Piapiac

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Piapiac
Piapiac Kedougou.jpg
adult with beak full of termites
Piapiac (Ptilostomus afer) sub-adult (l) and immature (r).jpg
sub-adult (l) and immature (r)
Semliki Wildlife Reserve, Uganda
Scientific classification e
Kingdom: Animalia
Phylum: Chordata
Class: Aves
Order: Passeriformes
Family: Corvidae
Genus: Ptilostomus
Swainson, 1837
Species: P. afer
Binomial name
Ptilostomus afer
(Linnaeus, 1766)
Ptilostomus distribution map.jpg
Distribution map

The piapiac (Ptilostomus afer) is an African member of the crow family, and is the only member of the genus Ptilostomus. According to recent findings, it is most closely related to the Central Asian ground jays.

Taxonomy

In 1760 the French zoologist Mathurin Jacques Brisson included a description of the piapiac in his Ornithologie based on a specimen collected in Senegal. He used the French name La pie du Sénégal and the Latin Pica Senegalensis.[2] Although Brisson coined Latin names, these do not conform to the binomial system and are not recognised by the International Commission on Zoological Nomenclature.[3] When in 1766 the Swedish naturalist Carl Linnaeus updated his Systema Naturae for the twelfth edition, he added 240 species that had been previously described by Brisson.[3] One of these was the piapiac. Linnaeus included a brief description, coined the binomial name Corvus afer and cited Brisson's work.[4] The specific name afer is Latin for "Africa"[5] The piapiac is the only species placed in the genus Ptilostomus that was introduced by the English naturalist William John Swainson in 1837.[6][7] The species is monotypic.[7]

A molecular phylogenetic study published in 2005 found that the piapiac from Africa was most closely related to the ground jays in the genus Podoces that inhabit Central Asia.[8]

Description

In size it is a little smaller and slimmer than the European magpie (Pica pica) though the bill is relatively thicker. The overall colouring of the bird is black with the feathers quite silky in texture and having a purplish gloss in good light. The base of the tail tends to be more brown in colour than the rest of the body. The nasal plumes are somewhat upturned on top of the bill but fully cover the nostrils. The bill itself is black in the adult but partly reddish-pink towards the base in juvenile specimens. The bird's legs and feet are black and the iris is variable, but tends towards violet, purple or mauve with a bluish-purple outer ring. The voice is usually described as a shrill squeaking often with the jackdaw-like overtones. There is also a croaking alarm call given in anger where the head bobs.

Distribution and habitat

The range of the species is the tropical equatorial region of central Africa from Senegal on the west coast, eastwards in a broad band to Sudan and southern Ethiopia. Within this range, its favoured habitat is towards more open country of cultivated land with fields and pasture and small associated towns and villages.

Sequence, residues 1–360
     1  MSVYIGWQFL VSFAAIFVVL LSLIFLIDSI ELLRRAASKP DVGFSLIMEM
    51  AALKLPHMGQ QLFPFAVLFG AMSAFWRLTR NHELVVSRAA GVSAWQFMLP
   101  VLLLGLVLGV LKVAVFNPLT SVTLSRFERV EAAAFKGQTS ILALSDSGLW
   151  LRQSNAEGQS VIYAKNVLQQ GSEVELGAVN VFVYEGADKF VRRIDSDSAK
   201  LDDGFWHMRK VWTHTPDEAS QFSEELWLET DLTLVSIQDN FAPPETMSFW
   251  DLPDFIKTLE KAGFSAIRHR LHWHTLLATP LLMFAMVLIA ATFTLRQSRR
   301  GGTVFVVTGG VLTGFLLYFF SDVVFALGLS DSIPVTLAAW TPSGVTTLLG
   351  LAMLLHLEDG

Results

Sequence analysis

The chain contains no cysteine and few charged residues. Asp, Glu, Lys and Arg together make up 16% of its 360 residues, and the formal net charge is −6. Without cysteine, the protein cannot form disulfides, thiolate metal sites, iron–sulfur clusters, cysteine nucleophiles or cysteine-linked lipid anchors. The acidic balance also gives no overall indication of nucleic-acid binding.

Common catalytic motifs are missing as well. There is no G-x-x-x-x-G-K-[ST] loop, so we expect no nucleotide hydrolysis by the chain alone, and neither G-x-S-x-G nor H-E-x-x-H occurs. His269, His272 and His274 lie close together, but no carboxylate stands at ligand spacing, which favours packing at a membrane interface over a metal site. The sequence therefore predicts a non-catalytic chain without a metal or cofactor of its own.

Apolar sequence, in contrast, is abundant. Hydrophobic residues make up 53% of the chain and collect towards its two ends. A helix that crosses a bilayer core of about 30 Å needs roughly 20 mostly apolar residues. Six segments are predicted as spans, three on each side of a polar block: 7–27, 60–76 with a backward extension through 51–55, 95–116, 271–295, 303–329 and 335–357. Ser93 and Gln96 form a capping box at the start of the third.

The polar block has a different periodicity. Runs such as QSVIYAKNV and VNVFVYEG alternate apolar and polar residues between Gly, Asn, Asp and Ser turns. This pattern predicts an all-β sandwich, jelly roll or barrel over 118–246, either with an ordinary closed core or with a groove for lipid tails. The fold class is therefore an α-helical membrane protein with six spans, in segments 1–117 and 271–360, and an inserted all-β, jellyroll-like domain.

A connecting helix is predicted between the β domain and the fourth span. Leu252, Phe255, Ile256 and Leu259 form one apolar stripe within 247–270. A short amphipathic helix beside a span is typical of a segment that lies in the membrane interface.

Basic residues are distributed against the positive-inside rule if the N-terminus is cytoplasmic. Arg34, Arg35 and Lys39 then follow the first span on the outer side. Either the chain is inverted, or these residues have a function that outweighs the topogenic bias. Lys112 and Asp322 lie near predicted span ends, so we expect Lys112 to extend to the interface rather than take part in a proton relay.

Behaviour

Feeding

Food is obtained in flocks of ten or more birds moving together on the ground including insects and other invertebrates but will take a degree of carrion, possibly attracted as much by the associated insects this attracts as much as the meat itself. Some fruit is also taken in trees with the oily fruit of the oil palm Elaeis guineensis a favourite. Able to run fast with some agility, it tends to hop at slower speed and will catch insects disturbed by the feet of cattle, sometimes hitching a ride on their backs and darting out to catch the prey.

Breeding

The piapiac often nests in a palm tree, but other nesting sites are also used. Strips of palm leaf and grass stems are cemented together with mud and lined with palm fibre to form a cup, in which three to seven eggs are laid between March and April. Piapiac eggs are very pale blue, or greenish-blue with a few brown blotches.

External image links

  • Young bird with pink bill

References

  1. ^ BirdLife International (2012). "Ptilostomus afer". IUCN Red List of Threatened Species. Version 2013.2. International Union for Conservation of Nature. Retrieved 26 November 2013. 
  2. ^ Brisson, Mathurin Jacques (1760). Ornithologie, ou, Méthode contenant la division des oiseaux en ordres, sections, genres, especes & leurs variétés (in French and Latin). Volume 2. Paris: Jean-Baptiste Bauche. pp. 40–41, Plate 3 fig 2.  The two stars (**) at the start of the section indicates that Brisson based his description on the examination of a specimen.
  3. ^ a b Allen, J.A. (1910). "Collation of Brisson's genera of birds with those of Linnaeus". Bulletin of the American Museum of Natural History. 28: 317–335. 
  4. ^ Linnaeus, Carl (1766). Systema naturae : per regna tria natura, secundum classes, ordines, genera, species, cum characteribus, differentiis, synonymis, locis (in Latin). Volume 1, Part 1 (12th ed.). Holmiae (Stockholm): Laurentii Salvii. p. 157. 
  5. ^ Jobling, J.A. (2018). del Hoyo, J.; Elliott, A.; Sargatal, J.; Christie, D.A.; de Juana, E., eds. "Key to Scientific Names in Ornithology". Handbook of the Birds of the World Alive. Lynx Edicions. Retrieved 16 May 2018. 
  6. ^ Swainson, William John (1837). On the Natural History and Classification of Birds. Volume 2. London: John Taylor. p. 266. 
  7. ^ a b Gill, Frank; Donsker, David, eds. (2018). "Crows, mudnesters, birds-of-paradise". World Bird List Version 8.1. International Ornithologists' Union. Retrieved 16 May 2018. 
  8. ^ Ericson, Per G. P.; Jansén, Anna-Lee; Johansson, Ulf S.; Ekman, Jan (2005). "Inter-generic relationships of the crows, jays, magpies and allied groups (Aves: Corvidae) based on nucleotide sequence data" (PDF). Journal of Avian Biology. 36: 222–234. doi:10.1111/j.0908-8857.2001.03409.x. 
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